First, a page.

Editorial | Raising IC threshold sensible
The Integrity Commission’s (IC) recommendation for a 243 per cent rise, to J$12 million, in the salary threshold for government employees to file annual assets and liabilities reports is, intuitively, a sensible ask.
It should, in the face of recent substantial salary increases to public officials, prevent the commission becoming overwhelmed with declarations, thus allowing it space to get on with its real job: properly examining the filings for correctness, thereby providing a deterrent to corruption.
However, the idea of the IC adopting a position-based criteria for declarations – which it is apparently contemplating – should be seriously examined for Jamaica’s circumstances. For it can’t be without reason that it is the most commonly used method by oversight bodies in countries with independent, stand-alone anti-corruption agencies.
In Jamaica, all legislators are required to file these statutory declarations, as well as police officers and public sector workers who earn J$3.5 million or above.
That salary threshold was established at the law’s passage in 2017. At the time, many people considered the threshold too low, and that the focus on salary rather than on the jobs that people do made the process insufficiently targeted on officials with the greatest opportunity to engage in corruption.
Salary increments over the past five years would have caused an increase, though small, in the number of public sector workers covered by the IC law. But, clearly, the significantly increased salaries that came with last year’s public sector job reclassification will substantially drive those numbers upwards, although there is no immediate report of by how much.
Apart from the 84 legislators (House of Representatives and the Senate), approximately 44,350 other public sector employees are required to file income and liability declarations. For the 2022/23 fiscal year, 71 per cent did so within the stipulated time.
In the first five years of its operation, the IC – using, it says, risk assessment and the stratified random sampling method – deeply examined just over one thousand, or approximately one per cent, of the 143,000 declarations filed with it. Perhaps significantly, 53 per cent of those deeper reviews were in the last year, which might suggest that the IC is getting better at the process.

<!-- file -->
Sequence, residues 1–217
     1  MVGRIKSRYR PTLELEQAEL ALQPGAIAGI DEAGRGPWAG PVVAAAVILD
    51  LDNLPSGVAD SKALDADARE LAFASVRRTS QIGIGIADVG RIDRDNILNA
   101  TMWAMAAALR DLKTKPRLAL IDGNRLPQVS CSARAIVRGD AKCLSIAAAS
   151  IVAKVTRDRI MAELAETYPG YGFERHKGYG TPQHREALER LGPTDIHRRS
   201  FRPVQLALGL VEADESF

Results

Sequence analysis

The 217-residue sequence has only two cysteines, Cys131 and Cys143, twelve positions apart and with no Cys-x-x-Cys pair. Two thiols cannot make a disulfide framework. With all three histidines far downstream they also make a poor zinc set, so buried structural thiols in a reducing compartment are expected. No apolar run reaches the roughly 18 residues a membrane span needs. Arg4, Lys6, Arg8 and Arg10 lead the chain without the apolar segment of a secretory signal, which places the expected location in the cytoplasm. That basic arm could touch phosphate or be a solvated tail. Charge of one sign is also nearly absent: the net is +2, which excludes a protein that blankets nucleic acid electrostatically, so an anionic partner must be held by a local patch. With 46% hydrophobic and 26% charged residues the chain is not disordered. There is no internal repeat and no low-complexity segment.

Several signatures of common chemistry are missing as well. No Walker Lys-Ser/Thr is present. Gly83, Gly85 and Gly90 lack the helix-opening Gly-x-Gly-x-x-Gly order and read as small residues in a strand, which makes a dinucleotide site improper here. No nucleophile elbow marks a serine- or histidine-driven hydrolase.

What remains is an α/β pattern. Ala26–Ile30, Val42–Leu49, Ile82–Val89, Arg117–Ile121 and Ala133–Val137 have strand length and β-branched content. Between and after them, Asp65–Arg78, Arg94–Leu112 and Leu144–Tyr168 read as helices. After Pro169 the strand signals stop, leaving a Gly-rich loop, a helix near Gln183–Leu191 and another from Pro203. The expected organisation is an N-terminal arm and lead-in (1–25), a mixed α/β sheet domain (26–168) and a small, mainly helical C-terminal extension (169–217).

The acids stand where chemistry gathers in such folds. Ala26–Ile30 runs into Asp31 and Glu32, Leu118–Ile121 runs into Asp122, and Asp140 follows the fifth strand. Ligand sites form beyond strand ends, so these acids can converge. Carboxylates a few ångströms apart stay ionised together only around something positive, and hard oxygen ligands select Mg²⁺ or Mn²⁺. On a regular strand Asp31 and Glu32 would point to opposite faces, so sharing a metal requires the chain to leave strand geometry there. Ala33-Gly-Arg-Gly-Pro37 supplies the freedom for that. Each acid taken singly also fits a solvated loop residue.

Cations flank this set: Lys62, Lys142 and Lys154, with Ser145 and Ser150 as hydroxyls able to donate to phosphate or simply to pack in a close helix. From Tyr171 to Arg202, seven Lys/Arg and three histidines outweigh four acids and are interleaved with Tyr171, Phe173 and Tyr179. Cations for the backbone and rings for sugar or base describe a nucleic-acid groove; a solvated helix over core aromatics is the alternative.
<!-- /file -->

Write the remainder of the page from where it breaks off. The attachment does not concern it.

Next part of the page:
Notably, too, at the time of the IC’s latest full report, for 2022/23, 52, or approximately five per cent of the reviewed declarations were referred for investigation. The commission, at the end of the review period, had nearly 500 declarations under review.
Six legislators and 28 other public officials, the commission disclosed in its 2022/23 annual report, had been referred to its investigative division for possible illicit enrichment. In the previous year, the numbers were one and three, respectively.
Of course, the controversial gag clause in the Integrity Commission Act prevents the IC from naming the people under investigation, or even saying that it has opened an investigation, until the probe is done and the report has been tabled in Parliament.
While it isn’t clear by how much the public sector job reclassification and attendant salary rises will increase the number of officials having to comply with the IC’s regulations, this newspaper agrees with Craig Beresford, the commission’s director of information and complaints, that there has to be a balance between receiving the information and being able to use it effectively to combat corruption.
“Where the Integrity Commission must be guarded is extending the requirement to more than 40,000 public officials who are now required to file statutory declarations, as its current resources cannot feasibly review in excess of 40,000 declarations annually,” Mr Beresford told the IC’s parliamentary oversight committee.
Which makes sense. Therefore, the committee, as a first step, should propose, in accordance with Section 39 of the law, an immediate upward adjustment of the salary threshold.
That, for the sake of management efficiency, should happen even ahead of the completion of the review of legislation by a joint parliamentary committee.
At the same time, the commission must accelerate the establishment of digital portal for the filing of statutory declarations. Digitisation will make it easier for IC staff to manage the data and more easily compare current with previous filings.
This will have two potentially significant effects. The IC will become more efficient and better able to spot, and hopefully prosecute, acts of corruption. Which always is the best deterrent.
Score one for transparency
It seems that the commission’s interpretation of the law means that it can’t even say what these reports are about. Nonetheless, the action aids transparency. The reports can’t merely be sat upon interminably, without being brought to light. At least people, including parliamentarians, will be in a position to ask for the whereabouts of the documents.
It is noted that, in the report(s) sent to Parliament this week, copies were forwarded to the Speaker and Deputy Speaker of the House and the President of the Senate. Nothing, apparently, was sent to the Deputy President of the Senate.
Good order requires that the IC fix that obvious oversight, for it couldn’t have been deliberate.